One interesting way to take a life-story interview is to ask the person about his grandfather.
My grandfather was one of the first persons who taught me how to write notes, editing letters I used to send to him in the 1970s when he was in Moscow
Family Photographs https://prashantbhatt.com/family-photographs/
My paternal grandfather passed away when I was too small to remember directly.
Through stories told by cousins, I know that he used to love taking children to the garden-monuments of Delhi. He has instilled similar trends in me. Our family has been in and around Delhi region for over 8 decades and four generations.
Walks with my friend and nephew Mayank-JNU Campus Library Canteen
Teaching him to ask questions.November 2011
I have distinct memories of my maternal grandfather, with whom I used to take walks in Lullanagar, Pune and visit in Banaras before his Moscow days.
As part of Mediterranean Everyday History Society project, I have been taking life story interviews of expatriate and locals , mainly in Tripoli region. This interesting project extends to partnership with patients, in which extended life-story interviews of relatives have been taken
(In the Face of Adversity http://www.chowk.com/Life/In-the-Face-of-Adversity )
Friends of Bouazizi
Recently I took interesting interviews of some people whom I would call “Friends of Bouazizi” the Tunisian fruitseller whose act set the Arab Spring into motion.
The Libyan doctor whose grandfather served in farms of Italian colonizers and a Serbian expatriate worker whose grandfather served in the First World War helped set up many interesting stories.
To see the full narratives follow this link
Do not think I am naïve
One friend said that it was difficult to draw him out into extended interviews, and told that he was not naïve. However, the simple question of the memory of his grandfather set many interesting stories into motion. Till the age of around five, he was brought up by his grandfather in his ancestral village, and his passing away was the first memory of a major loss in his life. The stories this “Not so naïve” person told give a window to Southern India of the 1960s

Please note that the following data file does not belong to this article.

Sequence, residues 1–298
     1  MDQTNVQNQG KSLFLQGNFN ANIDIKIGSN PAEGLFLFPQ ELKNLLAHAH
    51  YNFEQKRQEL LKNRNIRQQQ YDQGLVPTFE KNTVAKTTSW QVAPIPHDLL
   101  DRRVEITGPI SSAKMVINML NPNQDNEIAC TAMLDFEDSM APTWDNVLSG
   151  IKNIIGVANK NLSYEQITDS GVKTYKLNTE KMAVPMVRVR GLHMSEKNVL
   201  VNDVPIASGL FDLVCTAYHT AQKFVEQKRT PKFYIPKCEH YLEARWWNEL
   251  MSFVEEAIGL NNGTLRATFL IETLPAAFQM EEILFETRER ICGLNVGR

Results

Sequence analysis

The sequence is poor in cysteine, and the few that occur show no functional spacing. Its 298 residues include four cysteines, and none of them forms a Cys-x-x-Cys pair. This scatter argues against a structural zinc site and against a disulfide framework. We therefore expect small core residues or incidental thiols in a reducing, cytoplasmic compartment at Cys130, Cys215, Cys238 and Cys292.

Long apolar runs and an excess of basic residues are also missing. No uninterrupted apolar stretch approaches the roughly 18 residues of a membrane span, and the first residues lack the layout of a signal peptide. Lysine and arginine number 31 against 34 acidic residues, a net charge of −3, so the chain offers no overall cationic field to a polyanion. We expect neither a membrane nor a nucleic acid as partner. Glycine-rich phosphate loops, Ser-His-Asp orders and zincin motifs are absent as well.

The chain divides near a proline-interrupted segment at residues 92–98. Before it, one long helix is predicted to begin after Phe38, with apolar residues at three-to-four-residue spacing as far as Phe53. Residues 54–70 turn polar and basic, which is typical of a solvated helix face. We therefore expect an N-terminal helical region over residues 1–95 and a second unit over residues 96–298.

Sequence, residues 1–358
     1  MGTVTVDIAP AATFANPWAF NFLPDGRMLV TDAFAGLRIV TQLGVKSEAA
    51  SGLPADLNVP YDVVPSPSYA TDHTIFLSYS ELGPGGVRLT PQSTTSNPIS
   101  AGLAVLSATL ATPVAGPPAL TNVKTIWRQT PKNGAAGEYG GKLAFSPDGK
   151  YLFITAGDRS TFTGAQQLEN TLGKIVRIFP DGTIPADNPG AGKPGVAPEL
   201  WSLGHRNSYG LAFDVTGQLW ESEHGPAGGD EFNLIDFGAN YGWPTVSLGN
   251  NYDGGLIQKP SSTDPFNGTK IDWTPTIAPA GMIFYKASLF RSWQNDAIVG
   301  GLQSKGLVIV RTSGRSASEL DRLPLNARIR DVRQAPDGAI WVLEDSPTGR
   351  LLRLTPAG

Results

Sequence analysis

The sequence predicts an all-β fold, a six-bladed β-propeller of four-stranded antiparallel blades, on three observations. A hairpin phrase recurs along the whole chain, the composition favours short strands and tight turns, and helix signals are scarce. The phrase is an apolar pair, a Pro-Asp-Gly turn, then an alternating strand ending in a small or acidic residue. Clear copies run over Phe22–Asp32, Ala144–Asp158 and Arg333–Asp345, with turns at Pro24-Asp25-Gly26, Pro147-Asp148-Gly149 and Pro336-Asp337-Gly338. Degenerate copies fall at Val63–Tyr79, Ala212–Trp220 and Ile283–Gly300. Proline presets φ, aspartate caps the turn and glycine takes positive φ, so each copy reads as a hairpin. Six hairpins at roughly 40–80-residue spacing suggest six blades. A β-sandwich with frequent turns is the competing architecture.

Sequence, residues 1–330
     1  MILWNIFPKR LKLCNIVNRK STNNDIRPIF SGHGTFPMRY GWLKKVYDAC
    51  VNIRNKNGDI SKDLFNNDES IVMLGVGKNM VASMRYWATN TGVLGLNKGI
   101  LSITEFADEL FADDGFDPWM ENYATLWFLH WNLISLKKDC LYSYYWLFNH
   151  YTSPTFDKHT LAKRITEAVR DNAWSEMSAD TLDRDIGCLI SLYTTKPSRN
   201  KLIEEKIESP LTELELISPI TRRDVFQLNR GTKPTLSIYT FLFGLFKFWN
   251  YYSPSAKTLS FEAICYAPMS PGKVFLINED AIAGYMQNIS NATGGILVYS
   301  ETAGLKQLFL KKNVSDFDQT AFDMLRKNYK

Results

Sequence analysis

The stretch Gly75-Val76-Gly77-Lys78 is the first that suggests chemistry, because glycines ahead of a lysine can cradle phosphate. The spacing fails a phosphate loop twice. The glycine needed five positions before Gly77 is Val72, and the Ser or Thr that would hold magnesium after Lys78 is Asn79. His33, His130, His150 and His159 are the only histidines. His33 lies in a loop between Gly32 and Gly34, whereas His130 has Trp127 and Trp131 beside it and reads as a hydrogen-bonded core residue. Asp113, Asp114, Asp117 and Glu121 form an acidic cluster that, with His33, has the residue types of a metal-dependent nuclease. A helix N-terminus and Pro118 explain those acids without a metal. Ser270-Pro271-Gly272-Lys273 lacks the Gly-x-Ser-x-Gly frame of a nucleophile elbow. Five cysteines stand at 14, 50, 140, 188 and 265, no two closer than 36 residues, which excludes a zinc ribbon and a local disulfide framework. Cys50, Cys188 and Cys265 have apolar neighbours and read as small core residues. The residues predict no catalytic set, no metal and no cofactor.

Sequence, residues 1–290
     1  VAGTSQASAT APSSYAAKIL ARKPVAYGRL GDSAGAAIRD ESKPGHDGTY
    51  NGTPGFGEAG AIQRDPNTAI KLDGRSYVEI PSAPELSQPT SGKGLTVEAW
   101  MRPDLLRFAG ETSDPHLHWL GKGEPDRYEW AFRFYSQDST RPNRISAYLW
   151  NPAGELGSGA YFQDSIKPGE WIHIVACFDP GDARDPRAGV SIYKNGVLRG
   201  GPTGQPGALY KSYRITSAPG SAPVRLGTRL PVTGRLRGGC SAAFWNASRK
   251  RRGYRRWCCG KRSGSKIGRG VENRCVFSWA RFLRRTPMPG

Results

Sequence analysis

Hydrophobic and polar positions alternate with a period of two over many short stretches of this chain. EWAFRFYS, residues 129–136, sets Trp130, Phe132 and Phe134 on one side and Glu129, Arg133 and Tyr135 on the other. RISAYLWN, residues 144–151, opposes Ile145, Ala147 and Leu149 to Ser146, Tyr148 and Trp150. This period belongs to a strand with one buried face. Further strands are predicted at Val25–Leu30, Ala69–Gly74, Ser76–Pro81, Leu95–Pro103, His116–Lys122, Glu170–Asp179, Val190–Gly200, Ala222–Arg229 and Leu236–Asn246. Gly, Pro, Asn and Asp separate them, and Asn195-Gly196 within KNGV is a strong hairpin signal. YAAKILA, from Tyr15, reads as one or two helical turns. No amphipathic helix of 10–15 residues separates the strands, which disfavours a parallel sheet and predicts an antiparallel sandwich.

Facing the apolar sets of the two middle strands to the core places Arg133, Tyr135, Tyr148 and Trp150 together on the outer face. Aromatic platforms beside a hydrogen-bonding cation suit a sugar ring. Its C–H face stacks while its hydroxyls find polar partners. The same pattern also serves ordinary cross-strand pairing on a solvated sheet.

My grandfather was a tailor
My mother’s side of the family were tailors. I did not have to buy suits for myself till I was a teenager as my grandfather stitched them for me. Many interesting stories came forward as I put the question of the memory of his grandfather to my friends, sailor, spiritual path-seeker David Millner.
A window into Manchester region in 1950-60s.
Do you have a similar memory of your grandfather?
This is a really interesting article, and even I have some really good memories with my grandfather. He taught me the Origami of life, and Origami of craft, and discipline and fun at the same time. Nobody can replace a true grandfather.
Glad that the post helped you kindled some happy memories
Read this post
Pingback: Letters..windows to other worlds « Prashantbhatt’s Weblog
Pingback: Walks with the Hill Breeze | Prashant Bhatt's notes